PORTLAND, Ore. — Oregon is set to become the first state in the nation to try a new approach to Medicaid by using $1.1 billion in federal dollars to address issues like homelessness, food insecurity and childhood health care.
In a press conference on Wednesday morning, Oregon Health Authority Director Patrick Allen said these are some of the root causes of poor health.
"Under this agreement, Oregon will be the first state approved to use federal Medicaid dollars to fund medically necessary health-related services, including housing costs such as rental assistance," Allen said.
Health coverage will also be extended for children.
"Under this waiver, we will provide continued Oregon Health Plan coverage for all Oregon children under six years of age," Allen said. "That means fewer disruptions of health coverage and health care during a child's formative years."
The system will also provide health coverage for young people with special needs up to age 26.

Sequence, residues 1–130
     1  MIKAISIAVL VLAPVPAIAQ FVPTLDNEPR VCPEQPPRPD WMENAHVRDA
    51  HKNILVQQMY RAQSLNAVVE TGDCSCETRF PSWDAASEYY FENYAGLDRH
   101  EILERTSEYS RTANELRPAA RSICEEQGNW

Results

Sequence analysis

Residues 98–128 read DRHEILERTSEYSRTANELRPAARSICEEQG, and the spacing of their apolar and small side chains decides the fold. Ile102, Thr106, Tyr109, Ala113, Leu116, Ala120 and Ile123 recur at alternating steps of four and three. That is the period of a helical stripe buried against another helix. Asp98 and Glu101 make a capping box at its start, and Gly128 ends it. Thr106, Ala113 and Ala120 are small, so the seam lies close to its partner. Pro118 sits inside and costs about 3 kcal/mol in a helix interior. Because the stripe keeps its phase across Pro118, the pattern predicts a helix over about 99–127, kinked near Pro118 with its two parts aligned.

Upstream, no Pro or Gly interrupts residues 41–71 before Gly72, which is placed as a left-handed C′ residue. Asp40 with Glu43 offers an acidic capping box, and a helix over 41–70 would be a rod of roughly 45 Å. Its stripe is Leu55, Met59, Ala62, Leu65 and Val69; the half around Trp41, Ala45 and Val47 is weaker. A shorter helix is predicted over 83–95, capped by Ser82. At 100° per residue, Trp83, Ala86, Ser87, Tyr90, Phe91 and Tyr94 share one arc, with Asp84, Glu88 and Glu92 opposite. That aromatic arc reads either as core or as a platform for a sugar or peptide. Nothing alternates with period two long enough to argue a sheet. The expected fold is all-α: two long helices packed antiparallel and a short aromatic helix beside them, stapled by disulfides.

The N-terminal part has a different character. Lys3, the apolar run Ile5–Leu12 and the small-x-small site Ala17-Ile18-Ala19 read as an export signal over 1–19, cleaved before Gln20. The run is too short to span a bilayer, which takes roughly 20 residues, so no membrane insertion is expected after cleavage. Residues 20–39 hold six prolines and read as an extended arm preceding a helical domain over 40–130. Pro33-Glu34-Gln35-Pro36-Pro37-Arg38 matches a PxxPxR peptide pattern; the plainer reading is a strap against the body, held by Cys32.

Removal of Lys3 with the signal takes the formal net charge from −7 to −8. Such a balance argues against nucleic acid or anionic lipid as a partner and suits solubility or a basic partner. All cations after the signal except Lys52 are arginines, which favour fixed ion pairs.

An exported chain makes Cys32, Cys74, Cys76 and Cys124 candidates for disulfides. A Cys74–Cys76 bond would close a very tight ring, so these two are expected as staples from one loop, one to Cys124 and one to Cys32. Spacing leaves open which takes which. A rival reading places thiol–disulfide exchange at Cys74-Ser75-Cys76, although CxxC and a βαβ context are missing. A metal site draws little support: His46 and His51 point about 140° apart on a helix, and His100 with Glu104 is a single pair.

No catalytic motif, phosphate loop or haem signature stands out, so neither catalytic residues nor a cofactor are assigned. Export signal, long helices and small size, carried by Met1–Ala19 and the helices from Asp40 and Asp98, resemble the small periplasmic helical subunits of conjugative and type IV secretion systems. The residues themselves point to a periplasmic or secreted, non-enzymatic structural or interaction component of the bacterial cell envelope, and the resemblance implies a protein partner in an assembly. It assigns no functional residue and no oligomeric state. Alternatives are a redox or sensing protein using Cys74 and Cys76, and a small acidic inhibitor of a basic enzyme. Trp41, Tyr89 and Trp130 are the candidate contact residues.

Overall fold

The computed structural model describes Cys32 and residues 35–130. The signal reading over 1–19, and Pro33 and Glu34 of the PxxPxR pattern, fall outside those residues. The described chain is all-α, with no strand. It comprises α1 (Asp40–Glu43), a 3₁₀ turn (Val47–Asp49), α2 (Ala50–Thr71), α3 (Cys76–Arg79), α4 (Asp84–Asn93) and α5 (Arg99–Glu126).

Oregon will become the first state to help people deal with the impacts of extreme heat and wildfires through Medicaid by directly covering air conditioners, air filters and shelter for medically vulnerable people on the Oregon Health Plan.
Sarah Sullivan is the executive director of Gorge Grown Food Network. The organization supports thousands of families by providing fresh fruits and vegetables. She says the new Medicaid programs will provide a lot more access to people.
"The number of people we have been willing to serve is limited by a lack of funding and complicated mechanisms of enrolling people in the program," Sullivan said. "That is why this medical waiver to bolster access to nutritious food is so practical."
Allen said most of these programs will not start until 2024 because there's still a public health emergency due to the pandemic. That means people are in continued enrollment. Once the public health emergency ends, these new programs will start.